- Third, due to the dizzy pace of revolution and innovation in information
technology and widespread use of the Internet, specific economic policy goes
beyond the understanding of economists and policymakers. Traditionally,
methods of reviving the economy either through a Keynesian stimulus approach
or supply-side economic approach proved to be less effective.
- Fourth, many NGOs and interest groups have raised their voices on special
issues, thus making it difficult to make important economic decisions.
Thanks to progress in the democratization of society, the government can no
longer impose its one-sided policy from top down.
- Fifth, lack of coordination between government agencies is one of the
hindrances to economic growth.
- Sixth, another large variable is the China factor. Due to the strong
emergence of the Chinese economy in the global economy, Korea can no longer
chart its own economic policy.
- Seventh, there still seems to be confusion among both policymakers and
investors on the nature of the Korean economy. Some still regard the economy
as government-controlled while the others said the economy is now
- Most of all, CEOs and investors are still searching to understand what
directions the Roh Moo-hyun administration seeks to go in running the
economy. For the past 16 months since Roh took office, policymakers and
economists have squandered away their energy over the time-consuming
ideological war over welfarism or growth.
Quite often, this lack of understanding allows policymakers and economists
to lag behind Korea's cutting-edge businesses such as Samsung's electronic
industry and Hyundai's automobile manufacturing. These businesses in turn
tend to ignore policy decisions or recommendations made by policymakers and
President Roh had removed the post of the senior presidential secretary for
economic affairs when he took office last year. As a result, the ceremonial
function of economic policy coordination exists inside Chong Wa Dae and
economic professors who have not been in the mainstream and whose specialty
is welfarism encircle Roh.
Many noted economists privately said they are quite cautious in suggesting
alternative proposals out of fear they might anger Roh. ``Once you say a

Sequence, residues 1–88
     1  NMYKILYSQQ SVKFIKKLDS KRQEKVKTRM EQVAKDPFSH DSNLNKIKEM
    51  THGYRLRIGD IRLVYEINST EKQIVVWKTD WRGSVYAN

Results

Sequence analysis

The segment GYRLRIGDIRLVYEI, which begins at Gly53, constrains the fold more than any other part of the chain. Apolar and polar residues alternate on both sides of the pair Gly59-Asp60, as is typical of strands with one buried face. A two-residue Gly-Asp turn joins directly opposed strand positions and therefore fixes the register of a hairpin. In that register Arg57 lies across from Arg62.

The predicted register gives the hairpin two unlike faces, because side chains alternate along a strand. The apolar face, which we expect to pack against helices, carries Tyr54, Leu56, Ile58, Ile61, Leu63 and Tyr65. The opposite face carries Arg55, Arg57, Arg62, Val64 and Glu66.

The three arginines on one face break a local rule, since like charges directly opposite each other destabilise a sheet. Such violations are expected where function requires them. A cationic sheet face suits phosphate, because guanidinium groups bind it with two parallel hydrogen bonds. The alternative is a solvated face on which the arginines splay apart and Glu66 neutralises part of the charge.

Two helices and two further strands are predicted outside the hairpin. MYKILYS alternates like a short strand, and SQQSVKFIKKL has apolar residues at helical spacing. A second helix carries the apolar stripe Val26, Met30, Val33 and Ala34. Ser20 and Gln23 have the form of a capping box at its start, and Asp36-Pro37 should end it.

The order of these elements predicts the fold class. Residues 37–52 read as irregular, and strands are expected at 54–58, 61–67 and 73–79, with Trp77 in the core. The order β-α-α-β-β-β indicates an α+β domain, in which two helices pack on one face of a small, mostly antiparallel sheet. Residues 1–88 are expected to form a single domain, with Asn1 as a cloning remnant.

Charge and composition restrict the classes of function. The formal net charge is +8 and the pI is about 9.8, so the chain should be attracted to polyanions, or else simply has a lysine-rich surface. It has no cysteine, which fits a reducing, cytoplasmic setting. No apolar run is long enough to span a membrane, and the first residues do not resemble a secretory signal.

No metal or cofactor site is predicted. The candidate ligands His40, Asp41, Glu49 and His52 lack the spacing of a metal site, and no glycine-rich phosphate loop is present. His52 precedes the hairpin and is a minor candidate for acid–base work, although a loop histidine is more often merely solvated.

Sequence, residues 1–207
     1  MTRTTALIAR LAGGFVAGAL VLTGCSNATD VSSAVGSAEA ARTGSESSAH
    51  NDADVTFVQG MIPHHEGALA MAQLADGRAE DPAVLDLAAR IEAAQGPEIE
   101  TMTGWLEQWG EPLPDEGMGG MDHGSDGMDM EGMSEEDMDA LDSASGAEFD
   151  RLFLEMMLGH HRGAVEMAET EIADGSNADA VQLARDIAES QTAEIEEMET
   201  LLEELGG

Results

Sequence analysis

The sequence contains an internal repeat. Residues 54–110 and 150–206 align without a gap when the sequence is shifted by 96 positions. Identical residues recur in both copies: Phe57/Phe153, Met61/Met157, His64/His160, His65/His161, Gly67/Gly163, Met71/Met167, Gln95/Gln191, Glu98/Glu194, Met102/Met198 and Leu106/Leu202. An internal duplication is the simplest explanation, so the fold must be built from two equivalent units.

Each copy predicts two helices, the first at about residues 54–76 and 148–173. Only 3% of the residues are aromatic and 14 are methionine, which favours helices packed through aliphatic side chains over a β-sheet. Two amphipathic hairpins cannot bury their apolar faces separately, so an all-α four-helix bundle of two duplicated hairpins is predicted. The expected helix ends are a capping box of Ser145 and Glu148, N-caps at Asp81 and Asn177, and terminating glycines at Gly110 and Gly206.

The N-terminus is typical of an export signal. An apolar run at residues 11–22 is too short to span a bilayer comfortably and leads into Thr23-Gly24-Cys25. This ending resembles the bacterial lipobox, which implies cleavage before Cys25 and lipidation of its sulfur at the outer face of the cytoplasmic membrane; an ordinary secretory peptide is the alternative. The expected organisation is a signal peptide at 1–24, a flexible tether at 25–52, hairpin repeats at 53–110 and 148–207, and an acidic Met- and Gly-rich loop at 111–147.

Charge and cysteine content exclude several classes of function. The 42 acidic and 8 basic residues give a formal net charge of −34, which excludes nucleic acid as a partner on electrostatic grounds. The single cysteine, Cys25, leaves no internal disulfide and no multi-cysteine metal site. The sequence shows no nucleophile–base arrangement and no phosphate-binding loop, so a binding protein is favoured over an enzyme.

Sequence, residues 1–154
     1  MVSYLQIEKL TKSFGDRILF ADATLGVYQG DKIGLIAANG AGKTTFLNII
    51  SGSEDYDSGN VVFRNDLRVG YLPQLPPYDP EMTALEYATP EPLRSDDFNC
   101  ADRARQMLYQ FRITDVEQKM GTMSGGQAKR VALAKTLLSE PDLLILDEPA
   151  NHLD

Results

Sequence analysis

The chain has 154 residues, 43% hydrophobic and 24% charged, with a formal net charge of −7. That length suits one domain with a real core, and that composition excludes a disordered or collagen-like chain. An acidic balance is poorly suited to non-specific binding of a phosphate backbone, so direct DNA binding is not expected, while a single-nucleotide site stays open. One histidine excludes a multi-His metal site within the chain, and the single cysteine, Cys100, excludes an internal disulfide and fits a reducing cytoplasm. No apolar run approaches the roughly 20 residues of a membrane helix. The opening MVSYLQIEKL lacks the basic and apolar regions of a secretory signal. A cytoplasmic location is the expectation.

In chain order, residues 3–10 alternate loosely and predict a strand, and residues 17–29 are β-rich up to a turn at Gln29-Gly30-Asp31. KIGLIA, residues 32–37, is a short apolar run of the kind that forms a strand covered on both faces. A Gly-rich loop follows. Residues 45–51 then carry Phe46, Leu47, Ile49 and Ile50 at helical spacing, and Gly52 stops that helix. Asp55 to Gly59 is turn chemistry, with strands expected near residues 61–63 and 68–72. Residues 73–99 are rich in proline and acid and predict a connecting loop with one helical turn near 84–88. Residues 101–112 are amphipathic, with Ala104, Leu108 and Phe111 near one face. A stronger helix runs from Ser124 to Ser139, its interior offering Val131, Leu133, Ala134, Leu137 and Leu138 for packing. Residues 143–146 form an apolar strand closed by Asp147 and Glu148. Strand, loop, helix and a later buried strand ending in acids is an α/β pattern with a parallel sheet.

proposal which is not in line with Roh's economic policy, you are
immediately blacklisted as a force of anti-reform. Even the government
seldom arranges a meeting of economists to accommodate their views to boost
the economy. The intellectuals in society are full of cynicism these days
with their arms crossed,'' a Seoul economist said.
[The development of worktime economics on this planet is way behind the curve. With intellectuals faced with the "from hunger" choice between downsizing capitalism and makework socialism, it's no wonder they're full of cynicism.]
Everyone agrees that the economy is in a structural and serious dilemma.
Unless we roll up our sleeves to kickstart the economy, Korea will be mired
in a Japanese-style economic slump, which may last a decade.
Deputy Prime Minister and Finance-Economy Minister Lee Hun-jae has
repeatedly ruled out the possibility that Korea would face an economic slump
like Japan's. His rejection reflects the view of many people who are afraid
that Korea might be heading toward a long-term slump.
Big firms accumulate big cash but they do not invest. Small- and medium-sized companies are fast losing competitiveness due to the protracted domestic slump and shortened workweek system and the tax office traces the wealthy to check whether they are speculators.
[This is total malarcky - the shortened workweek system hasn't even been applied to small and medium sized companies yet - only to large companies of over 1,000 employees. And companies of any size in the leisure industries are currently experiencing a mini-boom thanks to the shorter workweek of the large companies.]
Solving one economic problem creates another. It is also a fact that we
will never run out of economic problems although the nature of them changes
over time. But Korea-specific economic woes are so serious right now that
they are frustrating both the economists and the people.
[They're not Korea-specific - they're global, and they can be most simply solved by automatic overtime-to-training&hiring conversion and automatic un(der)employment-adjusted workweeks, no biggy.]
- CUNA Mutual, union to talk again, by Mike Ivey (firstname.lastname@example.org), The Capital Times [WI].